Small vs. Big Cloud Providers: 4 Components to Making Strides in the Market

Cloud computing and infrastructure is a rapidly developing sector in the tech industry. The production side of this market has a variety of businesses providing this service to both local and international clients and companies.

The obvious key players include Amazon, IBM, Microsoft, and Google, all who have a significant share in the market. However, despite the massive hitters, there are others like the smaller niche providers, that can be taken into consideration as well.

Small cloud providers are an anomaly. Their purpose is aimed at providing services to smaller businesses that range up to mid-market sized companies that do not need to go mainstream. Aside from their market segment, a majority of them have also carved out niche specific industries like real estate, healthcare, or manufacturing. This go-to-market strategy gives them the shoe in they need so that they can penetrate their markets strategically. However, due to bidding wars between industry giants, the most common set back for smaller firms, like many businesses, is brand awareness and gaining customers. The bidding war between the larger firms is a classic example of Economics. But, the niche specific markets have proven to help smaller firms effectively gain traction within the cloud space market.

To give you an idea, here’s how smaller cloud providers score BIG points within their fields:

  • Customer Handling or Relationship Building
  • Specialization
  • Customization and Tailored Services
  • Innovation

Overall, these four key components are what make the ultimate difference.

Businesses are no longer paying for a utility like service – they’re investing in a solution. Similar to dating, but instead of thumbing through tender, you’ve committed yourself to one person versus dating someone new every week; the solution-based model removes the “transaction” like experience and helps pave the way for a long-term relationship. We break it down even further for you below.

Breaking it down further

Customer relations: Large firms do not have the time to give individual attention to each customer. They can’t cater to every customer’s unique need or spend hours dealing going over their service with them. Their methods are more formal and professional. The customers have to go through a chain of people instead of directly dealing with the person in charge. In other words, you pay me for this service; I provide you the service – end of discussion. Smaller firms, on the other hand, focus more on relationship building so they can retain their clients. Their dealings are more intimate because the people in charge are usually the ones handling the client’s requests. Also, smaller firms have fewer clients giving them the ability to spend more time with each customer.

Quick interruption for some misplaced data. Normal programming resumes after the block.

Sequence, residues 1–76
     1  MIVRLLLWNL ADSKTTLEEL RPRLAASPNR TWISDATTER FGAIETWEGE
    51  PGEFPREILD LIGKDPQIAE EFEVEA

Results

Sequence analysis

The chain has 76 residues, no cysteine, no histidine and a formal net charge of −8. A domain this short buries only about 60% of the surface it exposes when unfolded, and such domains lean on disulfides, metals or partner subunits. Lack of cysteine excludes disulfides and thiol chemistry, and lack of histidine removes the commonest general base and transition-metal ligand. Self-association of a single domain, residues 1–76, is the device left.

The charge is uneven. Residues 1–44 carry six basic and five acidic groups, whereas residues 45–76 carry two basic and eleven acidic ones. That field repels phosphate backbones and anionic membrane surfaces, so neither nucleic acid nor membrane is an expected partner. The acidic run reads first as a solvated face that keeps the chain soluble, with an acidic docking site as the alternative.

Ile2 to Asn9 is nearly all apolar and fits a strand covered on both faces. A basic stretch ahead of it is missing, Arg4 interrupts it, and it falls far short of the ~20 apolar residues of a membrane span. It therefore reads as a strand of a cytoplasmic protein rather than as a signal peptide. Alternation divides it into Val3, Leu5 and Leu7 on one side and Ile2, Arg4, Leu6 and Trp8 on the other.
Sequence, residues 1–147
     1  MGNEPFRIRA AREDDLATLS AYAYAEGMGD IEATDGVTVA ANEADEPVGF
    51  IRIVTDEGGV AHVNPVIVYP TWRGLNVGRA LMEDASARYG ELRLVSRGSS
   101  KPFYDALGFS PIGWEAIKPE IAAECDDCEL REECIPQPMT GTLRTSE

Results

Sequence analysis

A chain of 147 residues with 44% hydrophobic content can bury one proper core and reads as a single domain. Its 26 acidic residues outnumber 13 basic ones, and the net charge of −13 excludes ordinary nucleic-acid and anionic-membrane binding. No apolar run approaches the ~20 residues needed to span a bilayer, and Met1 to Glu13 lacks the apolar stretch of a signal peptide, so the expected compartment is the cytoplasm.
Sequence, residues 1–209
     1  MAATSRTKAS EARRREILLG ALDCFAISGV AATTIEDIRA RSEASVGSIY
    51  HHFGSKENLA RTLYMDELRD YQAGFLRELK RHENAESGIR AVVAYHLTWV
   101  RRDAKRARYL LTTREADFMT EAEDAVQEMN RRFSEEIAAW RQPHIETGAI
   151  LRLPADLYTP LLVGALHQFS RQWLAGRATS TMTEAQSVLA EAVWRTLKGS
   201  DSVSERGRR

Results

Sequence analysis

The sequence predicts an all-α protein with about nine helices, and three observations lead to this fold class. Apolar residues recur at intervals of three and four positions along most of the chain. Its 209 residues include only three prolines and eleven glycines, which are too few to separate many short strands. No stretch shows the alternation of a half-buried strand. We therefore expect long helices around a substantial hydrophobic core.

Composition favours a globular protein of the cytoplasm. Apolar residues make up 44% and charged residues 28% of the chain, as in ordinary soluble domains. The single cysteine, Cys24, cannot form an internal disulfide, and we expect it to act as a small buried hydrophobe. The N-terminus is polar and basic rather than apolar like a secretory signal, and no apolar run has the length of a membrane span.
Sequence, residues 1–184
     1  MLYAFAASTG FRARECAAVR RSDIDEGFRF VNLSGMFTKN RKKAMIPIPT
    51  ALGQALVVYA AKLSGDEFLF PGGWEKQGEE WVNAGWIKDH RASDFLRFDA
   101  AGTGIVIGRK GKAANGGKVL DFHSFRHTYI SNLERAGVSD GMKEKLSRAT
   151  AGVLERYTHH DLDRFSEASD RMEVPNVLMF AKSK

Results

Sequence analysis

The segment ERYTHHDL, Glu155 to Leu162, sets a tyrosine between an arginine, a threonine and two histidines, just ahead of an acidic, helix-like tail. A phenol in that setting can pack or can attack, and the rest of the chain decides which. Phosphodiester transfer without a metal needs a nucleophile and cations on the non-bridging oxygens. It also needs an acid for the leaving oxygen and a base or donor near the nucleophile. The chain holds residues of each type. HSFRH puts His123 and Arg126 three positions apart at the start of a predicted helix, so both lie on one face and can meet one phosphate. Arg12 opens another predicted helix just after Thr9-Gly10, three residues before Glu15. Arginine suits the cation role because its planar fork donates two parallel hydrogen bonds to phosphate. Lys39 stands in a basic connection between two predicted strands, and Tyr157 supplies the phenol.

Specialization: Small firms are more focused and are providing one service; unlike larger firms who are producing numerous services and products. Not only does specialization give smaller firms an advantage, allowing them to develop the most effective strategies and streamlining production, it also helps them achieve economies of scale.

Customization: Larger firms usually have a generic service with fixed rates that are functional for all their clients. Smaller firms, on the other hand, need to do more to survive in the market, which allows them the upper hand. Smaller firms can “tailor make” their cloud services based on the customer’s needs, budget, requirements, and the industry they are operating in.

Innovation: If you offer the same thing that everyone else is offering then why would customer select you? Innovative products and services are the name of the game and help establish a small firms mark. Giving them a leg up on offering unique services.

All of these points are where small cloud providers and cloud computing startups can create the highest value. Working on these areas is key to thriving within the market. Firms that are already focusing on improving these areas are seen taking more considerable strides in the cloud computing market.

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